A new study by researchers at Rhode Island Hospital and Brown University finds that people with Alzheimer’s Disease (AD) experienced more accidents and performed more poorly on road tests compared to drivers without cognitive impairment. The study is published in the January 23 edition of Neurology, the medical journal of the American Academy of Neurology.
While the study does confirm previous reports of potentially hazardous driving in persons with early AD, it also indicates that some individuals with very mild dementia can continue to drive safety for extended periods of time. The study included 128 individuals -- 84 with early AD and 44 age-matched control subjects without cognitive impairments. Drivers with early AD were enrolled in this study and followed every six months over two to three years.
Under the direction of principal investigator Brian Ott, M.D., director of the Alzheimer’s Disease and Memory Disorders Center at Rhode Island Hospital and professor at The Warren Alpert Medical School of Brown University, the study looked at driving abilities through self-reports, family reports and a standardized road test.
The study results indicate that people with early AD experienced more accidents and performed more poorly on road tests when compared to participants without cognitive impairments. “We also found that people with what is defined as mild dementia were significantly more like to fail a road test than those defined with very mild dementia.”
Ott says, “Our findings showed that people with mild dementia were nearly four times more likely to fail a road test than those with very mild dementia, indicating that people with very mild dementia may be able to drive safely for longer periods of time.”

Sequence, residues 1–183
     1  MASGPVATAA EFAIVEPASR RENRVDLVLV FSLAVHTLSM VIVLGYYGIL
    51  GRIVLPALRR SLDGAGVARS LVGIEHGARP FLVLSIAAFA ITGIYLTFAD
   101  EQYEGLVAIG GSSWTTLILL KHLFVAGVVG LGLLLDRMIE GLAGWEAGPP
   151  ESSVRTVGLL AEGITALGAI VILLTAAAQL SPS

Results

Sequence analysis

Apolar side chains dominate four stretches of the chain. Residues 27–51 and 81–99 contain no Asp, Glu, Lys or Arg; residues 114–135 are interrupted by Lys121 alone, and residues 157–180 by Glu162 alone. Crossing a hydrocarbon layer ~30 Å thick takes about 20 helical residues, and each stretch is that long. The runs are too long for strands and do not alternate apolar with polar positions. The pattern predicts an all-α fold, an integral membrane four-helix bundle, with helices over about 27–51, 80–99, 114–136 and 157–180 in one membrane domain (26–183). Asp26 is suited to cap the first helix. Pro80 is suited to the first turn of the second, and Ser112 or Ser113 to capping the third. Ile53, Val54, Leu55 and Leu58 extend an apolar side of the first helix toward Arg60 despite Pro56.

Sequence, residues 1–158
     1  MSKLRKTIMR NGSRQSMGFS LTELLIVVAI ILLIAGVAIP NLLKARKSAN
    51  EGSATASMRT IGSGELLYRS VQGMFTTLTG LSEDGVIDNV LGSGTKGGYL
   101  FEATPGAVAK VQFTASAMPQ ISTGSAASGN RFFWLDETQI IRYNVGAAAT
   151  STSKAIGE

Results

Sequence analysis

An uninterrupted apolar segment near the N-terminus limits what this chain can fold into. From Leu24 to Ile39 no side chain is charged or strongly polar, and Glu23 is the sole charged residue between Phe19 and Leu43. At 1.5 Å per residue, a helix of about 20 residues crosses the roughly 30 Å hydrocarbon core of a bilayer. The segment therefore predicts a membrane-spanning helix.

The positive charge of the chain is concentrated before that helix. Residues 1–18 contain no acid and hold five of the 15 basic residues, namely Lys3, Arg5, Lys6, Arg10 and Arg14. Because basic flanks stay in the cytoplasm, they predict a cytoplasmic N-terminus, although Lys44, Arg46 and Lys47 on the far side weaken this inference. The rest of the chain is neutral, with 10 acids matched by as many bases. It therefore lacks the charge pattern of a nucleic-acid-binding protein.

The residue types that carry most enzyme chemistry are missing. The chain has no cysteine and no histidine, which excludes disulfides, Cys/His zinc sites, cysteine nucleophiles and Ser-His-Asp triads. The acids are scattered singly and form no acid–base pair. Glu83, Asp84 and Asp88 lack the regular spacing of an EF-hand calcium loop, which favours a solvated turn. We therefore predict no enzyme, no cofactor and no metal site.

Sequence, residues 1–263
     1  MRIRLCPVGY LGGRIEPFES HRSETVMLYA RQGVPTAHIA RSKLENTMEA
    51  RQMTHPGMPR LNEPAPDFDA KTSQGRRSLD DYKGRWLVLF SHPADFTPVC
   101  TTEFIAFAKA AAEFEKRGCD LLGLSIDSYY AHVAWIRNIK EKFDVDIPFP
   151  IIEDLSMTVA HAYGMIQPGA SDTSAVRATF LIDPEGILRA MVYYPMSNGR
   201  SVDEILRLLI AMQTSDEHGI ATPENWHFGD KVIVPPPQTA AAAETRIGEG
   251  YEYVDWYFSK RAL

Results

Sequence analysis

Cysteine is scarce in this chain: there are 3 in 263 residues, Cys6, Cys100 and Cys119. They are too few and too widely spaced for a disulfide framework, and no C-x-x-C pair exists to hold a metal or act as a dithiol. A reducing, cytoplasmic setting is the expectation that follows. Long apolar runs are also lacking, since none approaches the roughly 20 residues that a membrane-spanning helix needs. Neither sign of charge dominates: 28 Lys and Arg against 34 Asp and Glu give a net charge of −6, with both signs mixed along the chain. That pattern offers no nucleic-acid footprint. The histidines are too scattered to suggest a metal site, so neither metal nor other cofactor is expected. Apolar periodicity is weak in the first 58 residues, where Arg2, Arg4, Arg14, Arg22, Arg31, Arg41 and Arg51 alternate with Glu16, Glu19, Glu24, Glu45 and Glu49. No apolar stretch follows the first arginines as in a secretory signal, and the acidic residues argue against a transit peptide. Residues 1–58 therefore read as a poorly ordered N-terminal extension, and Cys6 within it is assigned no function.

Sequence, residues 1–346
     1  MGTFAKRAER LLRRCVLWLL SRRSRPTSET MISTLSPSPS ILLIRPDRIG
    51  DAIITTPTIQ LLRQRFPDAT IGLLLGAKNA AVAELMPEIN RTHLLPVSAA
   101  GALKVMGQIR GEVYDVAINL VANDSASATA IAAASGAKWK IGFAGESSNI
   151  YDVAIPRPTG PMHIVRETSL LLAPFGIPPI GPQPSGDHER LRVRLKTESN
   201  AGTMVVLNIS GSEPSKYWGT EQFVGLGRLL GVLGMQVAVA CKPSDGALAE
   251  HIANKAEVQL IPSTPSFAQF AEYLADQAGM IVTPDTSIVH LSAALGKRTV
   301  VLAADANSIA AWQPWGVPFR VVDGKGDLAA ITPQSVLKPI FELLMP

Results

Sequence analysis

Ott notes, “It is clear, however, that driving ability declines fairly rapidly among patients with dementia, and therefore, regular follow-up assessments are warranted in these people with very mild dementia.” Currently, the American Academy of Neurology Guideline on Risk of Driving and Alzheimer’s Disease recommends a reassessment every six months for those patients diagnosed with very mild dementia who continue to drive.
The study also found increased age as well as lower education can impact driving abilities. Ott comments, “The odds of failing a road test increased by about six percent for every year exceeding the age of 75.” The study found that drivers who lagged behind the average education experience within the study group were likely to fail a road test; failure was 10 percent more likely for each year in which they lagged behind the average education experience of 14 years.
Of interest, the frequency of motor vehicle accidents in the AD drivers declined during the study. Overall, Ott says, “The results suggest that a regular driving assessment program may actually reduce the frequency of motor vehicle accidents in drivers with mild dementia by increasing awareness among the driver and caregivers. This, however, may also result in premature termination of driving privileges for some persons with dementia.” The researchers note that this is a major challenge facing clinicians: to develop valid and reliable office screening tools, which can assist the clinician with making driving assessment referrals and recommendations regarding driving safety for those with early AD.
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